Alternatives such has hydroelectric dams, solar panels and
wind turbines pale in comparison with the efficiency of
nuclear energy as a substitute for the fossil fuels blamed
for climate change, according to Belyakov.
He was not surprised by the upgrading of the Fukushima
“Looking at the pictures from the first day of the accident,
you see the plumes of smoke coming out and you know it’s
serious damage to the plant,” he said.
“Already, I know it’s not going to take weeks or months,
it’s going to take years to clean up.”
|Run-up to Britain’s royal wedding
LONDON (AFP) – A round-up of brief stories about the
marriage of Britain’s Prince William and Kate Middleton on
Kate Middleton and her family will spend the night before
the wedding in a five-star London hotel, St James’s Palace
The family have chosen to stay at the Goring Hotel, not far
from Buckingham Palace.
The Edwardian hotel’s chief executive Jeremy Goring said:
“We are delighted that we are able to play a small part in
what’s going to be a wonderful day of celebration around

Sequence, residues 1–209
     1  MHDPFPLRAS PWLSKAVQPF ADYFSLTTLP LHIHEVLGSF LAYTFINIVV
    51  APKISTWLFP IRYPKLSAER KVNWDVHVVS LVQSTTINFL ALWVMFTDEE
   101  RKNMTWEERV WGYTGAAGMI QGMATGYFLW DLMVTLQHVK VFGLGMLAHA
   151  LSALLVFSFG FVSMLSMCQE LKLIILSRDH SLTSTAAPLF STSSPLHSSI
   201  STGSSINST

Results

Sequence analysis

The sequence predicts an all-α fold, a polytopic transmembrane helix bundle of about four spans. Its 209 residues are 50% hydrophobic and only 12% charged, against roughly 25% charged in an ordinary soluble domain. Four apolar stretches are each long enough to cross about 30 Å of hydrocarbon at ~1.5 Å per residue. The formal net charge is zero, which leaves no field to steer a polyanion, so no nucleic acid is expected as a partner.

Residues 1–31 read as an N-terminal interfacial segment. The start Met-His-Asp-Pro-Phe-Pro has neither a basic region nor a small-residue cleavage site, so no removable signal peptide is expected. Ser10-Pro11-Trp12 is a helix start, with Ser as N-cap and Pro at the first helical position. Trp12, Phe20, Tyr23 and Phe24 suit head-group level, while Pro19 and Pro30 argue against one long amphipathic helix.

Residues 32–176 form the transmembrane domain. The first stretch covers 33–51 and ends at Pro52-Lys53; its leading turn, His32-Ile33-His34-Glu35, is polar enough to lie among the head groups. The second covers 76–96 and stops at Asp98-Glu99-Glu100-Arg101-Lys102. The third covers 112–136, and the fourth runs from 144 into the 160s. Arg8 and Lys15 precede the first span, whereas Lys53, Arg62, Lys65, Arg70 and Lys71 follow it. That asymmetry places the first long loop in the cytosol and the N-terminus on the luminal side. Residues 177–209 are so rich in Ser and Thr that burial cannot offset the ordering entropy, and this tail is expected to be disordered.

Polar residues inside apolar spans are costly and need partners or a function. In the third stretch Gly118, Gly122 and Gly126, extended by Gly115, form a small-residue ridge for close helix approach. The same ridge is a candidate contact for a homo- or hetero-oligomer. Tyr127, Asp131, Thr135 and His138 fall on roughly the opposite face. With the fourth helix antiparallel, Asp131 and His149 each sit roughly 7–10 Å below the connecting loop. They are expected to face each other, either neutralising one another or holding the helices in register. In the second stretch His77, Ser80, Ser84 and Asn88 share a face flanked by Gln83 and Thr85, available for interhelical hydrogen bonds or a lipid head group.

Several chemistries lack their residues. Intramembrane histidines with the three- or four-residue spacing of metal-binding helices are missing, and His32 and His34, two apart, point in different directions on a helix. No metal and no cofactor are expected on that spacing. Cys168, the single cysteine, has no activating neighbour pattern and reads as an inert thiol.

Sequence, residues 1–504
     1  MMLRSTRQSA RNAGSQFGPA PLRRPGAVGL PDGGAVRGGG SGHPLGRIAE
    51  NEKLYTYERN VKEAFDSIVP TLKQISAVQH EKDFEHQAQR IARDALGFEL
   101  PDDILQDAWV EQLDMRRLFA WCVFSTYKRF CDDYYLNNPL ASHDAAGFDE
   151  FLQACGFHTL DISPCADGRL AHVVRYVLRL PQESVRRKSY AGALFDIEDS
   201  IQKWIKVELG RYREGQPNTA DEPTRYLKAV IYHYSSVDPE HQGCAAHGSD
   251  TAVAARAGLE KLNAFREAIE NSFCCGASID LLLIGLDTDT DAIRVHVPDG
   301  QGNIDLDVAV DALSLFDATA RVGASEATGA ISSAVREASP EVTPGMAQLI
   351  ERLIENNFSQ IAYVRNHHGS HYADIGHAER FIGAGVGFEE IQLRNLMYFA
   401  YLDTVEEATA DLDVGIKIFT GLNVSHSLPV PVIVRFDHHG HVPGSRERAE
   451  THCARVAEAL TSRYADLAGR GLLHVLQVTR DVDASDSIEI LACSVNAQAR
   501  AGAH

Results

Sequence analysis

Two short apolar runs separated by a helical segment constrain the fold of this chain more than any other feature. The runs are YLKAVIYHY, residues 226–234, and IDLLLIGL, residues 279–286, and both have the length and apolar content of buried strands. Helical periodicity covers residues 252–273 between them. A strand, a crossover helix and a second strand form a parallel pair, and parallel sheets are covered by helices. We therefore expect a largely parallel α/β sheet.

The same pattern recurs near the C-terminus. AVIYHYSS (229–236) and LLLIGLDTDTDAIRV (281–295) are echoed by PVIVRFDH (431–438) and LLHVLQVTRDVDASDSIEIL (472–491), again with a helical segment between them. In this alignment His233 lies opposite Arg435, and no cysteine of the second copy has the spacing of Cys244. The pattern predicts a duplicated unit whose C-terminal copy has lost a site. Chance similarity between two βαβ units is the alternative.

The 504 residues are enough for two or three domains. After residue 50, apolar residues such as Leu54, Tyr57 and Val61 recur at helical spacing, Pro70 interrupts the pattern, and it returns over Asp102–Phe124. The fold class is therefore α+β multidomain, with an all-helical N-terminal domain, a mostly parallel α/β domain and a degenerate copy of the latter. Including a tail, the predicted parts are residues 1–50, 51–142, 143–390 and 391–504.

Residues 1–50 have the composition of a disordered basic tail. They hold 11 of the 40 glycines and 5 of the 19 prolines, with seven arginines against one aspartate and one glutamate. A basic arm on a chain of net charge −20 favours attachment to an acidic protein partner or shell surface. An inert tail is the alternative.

“When a guest walks through the door here they feel
instantly relaxed and as if they belong.”
Kate would spend her last night as a single woman in the
hotel’s luxurious royal suite costing £5,000 ($8,150/5,650
St James’s Palace, Prince William’s office, released details
of the wedding day timings, which show the event has been
planned with military precision.
The 1,900 guests start arriving at Westminster Abbey from
8:15am (0715 GMT), before prime ministers, diplomats, and
other distinguished guests.
William and his best man, his brother Prince Harry, arrive
next before foreign royals and the Middletons, then the
British royals in ascending order of importance.
Finally, the bridal party arrives before Middleton and her
father Michael leave the Goring Hotel at 10:51am (0951 GMT).
Well-wishers will be able to hear the service relayed along
the procession route.
The service starts at 11:00am (1000 GMT) and the newlywed
couple will leave at 12:15pm (1115 GMT) before Queen
Elizabeth II and then the rest of the royals and other
guests making up the 600 going to Buckingham Palace.
Pop star George Michael has recorded a song as a wedding
gift to the couple, he revealed on his Twitter account.
The cover song, which will be free to download, took two
days to record.
“It’s going to break your heart!”, the former Wham! singer
“I want Will and Kate to know that this a genuine gift, not